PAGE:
Although the at home tasks may tend to be augmented learning (if solely instructional) this objectivist approach to learning is still a valid way for students to gain the basics. Allowing for more constructivist learning would be when students are directed to some websites in this unit that truly allow for learning transformation such as on the Cyber Smart website where there are simulation games and problem solving scenarios. As the flipped classroom model requires home task completion working with the students’ classroom teacher would be advisable as it would be necessary for them to factor this into their homework routine.

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Education Futures | Designing Education 3.0

Education Futures | Designing Education 3.0 | eLearning in the Digital Age | Scoop.it

Via Wes Heberlein
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Brett Taylor's curator insight, August 12, 2013 4:23 PM

Education 1, 2 ... 3 - really need to allocate time as an individual and with my team to putting some serious thought into where we would like to see community and workplace education heading - don't wish to be the one working in the realm of 1.0 while other educational sectors are at 3.0+!

Wes Heberlein's comment, August 13, 2013 9:39 AM
I agree with you to Kylie but as I say to my colleagues at work that sometimes its more beneficial in the long run to have these conversations or allow students time to undertake alternative activities if you can see results being reaped in the end.
Wes Heberlein's comment, August 13, 2013 9:41 AM
Elena thanks for the compliment :) I know they appreciate the enthusiasm, motivation and support. Really helps them to thrive.
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12 Principles Of Mobile Learning

12 Principles Of Mobile Learning | eLearning in the Digital Age | Scoop.it

Via Beth Dichter, Dennis T OConnor, Stewart-Marshall, Anne Whaits
Justine Crompton's insight:

This prompted my thinking in relation to eLearing. I am trying to look at a 'bigger" picture of what might be involved or included. Particularly connected with the points re: metrics and play. Curation point sad but true in reference to teachers I think.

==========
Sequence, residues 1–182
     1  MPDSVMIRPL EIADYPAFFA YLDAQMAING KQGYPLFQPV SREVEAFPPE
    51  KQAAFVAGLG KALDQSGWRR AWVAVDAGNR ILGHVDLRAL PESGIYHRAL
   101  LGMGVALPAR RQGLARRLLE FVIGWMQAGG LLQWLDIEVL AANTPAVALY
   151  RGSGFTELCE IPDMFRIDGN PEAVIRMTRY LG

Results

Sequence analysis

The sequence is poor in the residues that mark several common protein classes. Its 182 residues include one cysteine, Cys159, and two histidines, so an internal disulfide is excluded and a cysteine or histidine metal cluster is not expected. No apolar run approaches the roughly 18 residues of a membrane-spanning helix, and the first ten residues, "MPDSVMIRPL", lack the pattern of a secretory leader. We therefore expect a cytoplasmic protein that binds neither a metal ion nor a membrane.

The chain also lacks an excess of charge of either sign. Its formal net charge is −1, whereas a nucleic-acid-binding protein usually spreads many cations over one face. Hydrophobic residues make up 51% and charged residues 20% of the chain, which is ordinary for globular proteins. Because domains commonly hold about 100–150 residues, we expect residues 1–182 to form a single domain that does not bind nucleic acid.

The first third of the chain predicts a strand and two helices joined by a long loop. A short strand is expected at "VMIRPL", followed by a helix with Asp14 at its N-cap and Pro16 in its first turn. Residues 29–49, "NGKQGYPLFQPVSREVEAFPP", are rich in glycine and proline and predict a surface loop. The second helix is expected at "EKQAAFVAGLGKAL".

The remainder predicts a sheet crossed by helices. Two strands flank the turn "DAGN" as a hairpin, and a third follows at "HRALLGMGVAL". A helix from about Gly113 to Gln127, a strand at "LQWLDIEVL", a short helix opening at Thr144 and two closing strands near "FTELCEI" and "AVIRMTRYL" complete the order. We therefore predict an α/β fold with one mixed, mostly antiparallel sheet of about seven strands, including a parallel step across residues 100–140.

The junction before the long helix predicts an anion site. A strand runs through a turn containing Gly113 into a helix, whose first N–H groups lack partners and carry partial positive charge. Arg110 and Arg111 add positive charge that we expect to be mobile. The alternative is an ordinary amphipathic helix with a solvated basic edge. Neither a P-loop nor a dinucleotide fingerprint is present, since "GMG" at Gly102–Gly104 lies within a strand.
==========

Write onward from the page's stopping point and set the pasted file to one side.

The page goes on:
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Dana Hawkins's comment, August 8, 2013 7:34 PM
The curation comment is interesting... I think it's fantastic that students are able to gain these skills without the assistance of a teacher, but ultimately if they veer off the path or have been misguided, they will always need a facilitator to not only show students the tools but also give them some best practice ideas.
Viljenka Savli's curator insight, August 12, 2013 11:13 PM

A new approach to learning and teaching concerns students' selflearning and assessing and of course techer's coaching. More about main principals in this article...

Mary Kate Lavin's curator insight, February 6, 11:39 AM

This describes the 12 principles of mobile learning.  It describes not only how to use technology in classes but also the reasoning behind using it.  

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The Padagogy Wheel ... it's a Bloomin' Better Way to Teach

The Padagogy  Wheel ... it's a Bloomin' Better Way to Teach | eLearning in the Digital Age | Scoop.it

" Dr Ian Green from the School of Education here at Adelaide and I [Allan Carrington] have used Padagogy 101 (introduction to iPad in HE) and Padagogy 201 (more advanced use for L&T) to train over 600 faculty from universities in Australia. During my research I saw lots of great work done by others using Bloom’s Taxonomy including the Revised Taxonomy which has now become the Bloom’s Digital Taxonomy. However when I discovered the excellent pioneer work done by Kathy Schrock with “Bloomin’ Apps” I got the idea for the Padagogy Wheel. Dare I say it but it is the next version for mobile learning of the ongoing importance of Bloom’s Taxonomy. Bloom’s is still fundamental to good teaching and learning."


Via Anne Whaits
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Elena Keating's curator insight, August 15, 2013 4:12 PM

A good starting point for I-pad apps and usage for educational purposes. Great to have the links. As always the first step in a journey that has many twists and turns. It takes you where you want to go but there are many pathways you can take and who knows where they will lead you!Sometimes it's the journey that is important not just the destination.

Audrey's comment, August 16, 2013 5:05 AM